Teacher will use errorless learning and back track if student does not correctly respond to prompts. The teacher will state for the student, “this word is open”, and then ask “what word?”

 

 

Student will point to corresponding word stated by teacher, or state word pointed to by teacher.

Student will point to corresponding word stated by teacher, or state word pointed to by teacher.

 

 

Collect daily assessment data to monitor progress on both Lesson Objectives Teacher collects data on words the student got correct and words that were missed from the practice activity.
Practice Activity

or

Support

In a group of four students who have been selected because of similar reading levels, students will participate in a group game to demonstrate understanding of their functional “sign words”.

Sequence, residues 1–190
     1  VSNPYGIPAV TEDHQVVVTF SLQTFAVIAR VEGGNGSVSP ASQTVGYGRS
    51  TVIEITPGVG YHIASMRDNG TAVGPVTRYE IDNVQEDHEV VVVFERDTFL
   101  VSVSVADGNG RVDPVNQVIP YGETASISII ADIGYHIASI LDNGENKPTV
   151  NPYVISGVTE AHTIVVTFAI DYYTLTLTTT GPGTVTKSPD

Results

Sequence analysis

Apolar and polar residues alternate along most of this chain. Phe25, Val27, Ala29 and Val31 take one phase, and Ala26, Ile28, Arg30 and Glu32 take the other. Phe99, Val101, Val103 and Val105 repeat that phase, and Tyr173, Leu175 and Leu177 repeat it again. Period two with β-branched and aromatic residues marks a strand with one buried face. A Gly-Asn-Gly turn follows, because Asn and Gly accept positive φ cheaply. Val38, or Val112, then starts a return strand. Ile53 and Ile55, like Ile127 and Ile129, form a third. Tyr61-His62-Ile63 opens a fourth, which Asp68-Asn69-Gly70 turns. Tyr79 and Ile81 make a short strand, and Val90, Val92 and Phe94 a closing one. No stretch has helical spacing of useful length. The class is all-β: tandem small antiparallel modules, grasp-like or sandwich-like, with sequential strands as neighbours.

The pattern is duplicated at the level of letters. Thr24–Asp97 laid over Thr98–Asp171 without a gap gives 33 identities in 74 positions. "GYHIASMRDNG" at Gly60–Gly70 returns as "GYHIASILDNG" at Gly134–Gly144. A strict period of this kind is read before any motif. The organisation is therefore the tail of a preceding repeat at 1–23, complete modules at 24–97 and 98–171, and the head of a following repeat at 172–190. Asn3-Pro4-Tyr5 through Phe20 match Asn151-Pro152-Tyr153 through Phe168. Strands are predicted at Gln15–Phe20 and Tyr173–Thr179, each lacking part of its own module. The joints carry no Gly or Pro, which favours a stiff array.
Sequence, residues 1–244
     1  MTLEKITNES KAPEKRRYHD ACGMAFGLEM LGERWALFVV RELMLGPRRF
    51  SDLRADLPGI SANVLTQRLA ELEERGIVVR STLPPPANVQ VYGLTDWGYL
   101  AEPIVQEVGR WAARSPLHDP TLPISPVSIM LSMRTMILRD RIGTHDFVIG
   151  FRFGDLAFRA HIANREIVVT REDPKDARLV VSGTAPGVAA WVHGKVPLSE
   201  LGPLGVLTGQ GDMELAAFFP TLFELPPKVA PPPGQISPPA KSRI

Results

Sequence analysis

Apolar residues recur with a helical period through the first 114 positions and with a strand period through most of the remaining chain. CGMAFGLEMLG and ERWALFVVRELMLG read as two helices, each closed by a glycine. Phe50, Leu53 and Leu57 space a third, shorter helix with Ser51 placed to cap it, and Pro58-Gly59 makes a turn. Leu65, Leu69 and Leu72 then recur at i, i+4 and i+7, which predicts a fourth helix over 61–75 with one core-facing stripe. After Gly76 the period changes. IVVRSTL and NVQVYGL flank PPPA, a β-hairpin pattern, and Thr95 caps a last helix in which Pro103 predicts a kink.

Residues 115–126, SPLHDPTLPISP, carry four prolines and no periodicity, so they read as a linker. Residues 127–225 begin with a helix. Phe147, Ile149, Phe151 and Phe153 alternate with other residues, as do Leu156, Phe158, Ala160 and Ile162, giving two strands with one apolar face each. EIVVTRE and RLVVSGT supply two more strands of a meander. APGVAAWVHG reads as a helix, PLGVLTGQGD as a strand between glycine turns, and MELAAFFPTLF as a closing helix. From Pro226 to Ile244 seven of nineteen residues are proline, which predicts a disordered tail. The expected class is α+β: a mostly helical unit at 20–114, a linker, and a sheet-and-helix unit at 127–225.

The teacher projects all fifty words onto the board. The words have been broken into three point categories. 1-point words, which they all have shown mastery of. 2-point words, which some of them have shown mastery of and some are still working on. And 3-point words that are still new to the majority of the group.

 

Students will take turns coming up and spinning a wheel to determine which point category of words they will select from. Piles of flash cards are ready for each number. The words are depicted in their “sign form”, while they are written in word form on the board.

 

Student will draw a card, from the corresponding point value, which they spun for.

 

Student will read the word, find its match on the board and cross it off and then write it on the board. If the student does not know the word they can ask their friends for help.